The BBC radio app is particularly welcome, enabling you to flick to a stream more quickly than using the default Internet Radio interface. Although these apps all rely on pulling-down results and information from online, they’re remarkably quick to operate. We tested the radio with a standard 20MB home broadband connection and were presented with a mostly lag-free, slick experience.
Squeezebox Radio

The only real downer to using these streaming services that rely on searching more than casually browsing – thanks to the massive libraries on offer – is that you have to input text letter-by-letter using the control dial. It’s mercifully responsive, but it does leave you longing for a keyboard accessory or touchscreen virtual keyboard. This effect doesn’t pop up when scrolling through your computer’s music library or browsing radio stations, as dial navigation feels right at home here, not far removed from using the touch sensitive circular panel of an iPod Classic.

Navigational woes can be eased somewhat by clever use of the six silver preset buttons. As long as you’re currently streaming or browsing though some form of content, be it a radio station, artist on your computer’s hard drive or an album on Spotify, a long press on one of these silver buttons will link it to this content. A quick tap on it at any point will take you right back there.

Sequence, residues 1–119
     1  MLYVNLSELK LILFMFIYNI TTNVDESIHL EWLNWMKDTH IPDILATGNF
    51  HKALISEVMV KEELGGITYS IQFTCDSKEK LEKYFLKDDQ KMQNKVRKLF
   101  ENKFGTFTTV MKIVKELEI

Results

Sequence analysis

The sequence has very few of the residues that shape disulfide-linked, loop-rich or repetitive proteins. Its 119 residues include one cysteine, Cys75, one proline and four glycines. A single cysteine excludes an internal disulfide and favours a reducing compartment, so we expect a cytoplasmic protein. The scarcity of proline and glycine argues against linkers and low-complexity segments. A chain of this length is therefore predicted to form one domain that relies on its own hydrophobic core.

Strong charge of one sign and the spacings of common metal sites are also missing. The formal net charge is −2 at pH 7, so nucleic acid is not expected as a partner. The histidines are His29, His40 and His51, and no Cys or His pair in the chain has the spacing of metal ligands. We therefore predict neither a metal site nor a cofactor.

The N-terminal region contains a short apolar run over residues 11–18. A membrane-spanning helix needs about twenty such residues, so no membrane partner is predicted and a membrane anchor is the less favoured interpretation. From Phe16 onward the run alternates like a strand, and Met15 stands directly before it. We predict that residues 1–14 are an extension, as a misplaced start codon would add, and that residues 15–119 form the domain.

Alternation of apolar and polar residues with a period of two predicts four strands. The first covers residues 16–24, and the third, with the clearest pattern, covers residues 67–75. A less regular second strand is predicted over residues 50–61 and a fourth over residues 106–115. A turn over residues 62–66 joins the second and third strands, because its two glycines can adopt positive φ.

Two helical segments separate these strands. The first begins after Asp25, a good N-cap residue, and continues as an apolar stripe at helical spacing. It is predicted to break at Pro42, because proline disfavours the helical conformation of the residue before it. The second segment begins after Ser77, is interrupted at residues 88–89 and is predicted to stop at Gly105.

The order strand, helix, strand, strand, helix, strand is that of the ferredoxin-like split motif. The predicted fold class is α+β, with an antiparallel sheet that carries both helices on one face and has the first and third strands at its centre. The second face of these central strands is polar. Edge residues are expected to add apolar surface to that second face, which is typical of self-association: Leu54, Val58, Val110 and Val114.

Updates are applied to the box directly over Wi-Fi, so the only communicating it really needs to do with your PC is when streaming music from its hard drive – and even then the setup process for this happens on your computer rather than the Squeezebox Radio. Just make sure your music is set to be freely shared on your computer, which needs to be on the same Wi-Fi network and turned on – it should show up within the Squeezebox menu.

While the menu system is easy enough to get to grips with, it’s not entirely bug-free. During out testing, some of our icons started randomly disappearing from the main menu, but these problems were sorted with a factory reset. The Squeezebox software is some way off the watertight quality of Apple’s iOS system, but it is fast and does work. You’ll just need to employ a little patience every now and then.

Like most radios of this size, the Squeezebox Radio is a mono device. Hidden behind the near-opaque speaker grille are a 3/4in tweeter and 3in woofer driver. Given its petite dimensions, the sound produced is impressive.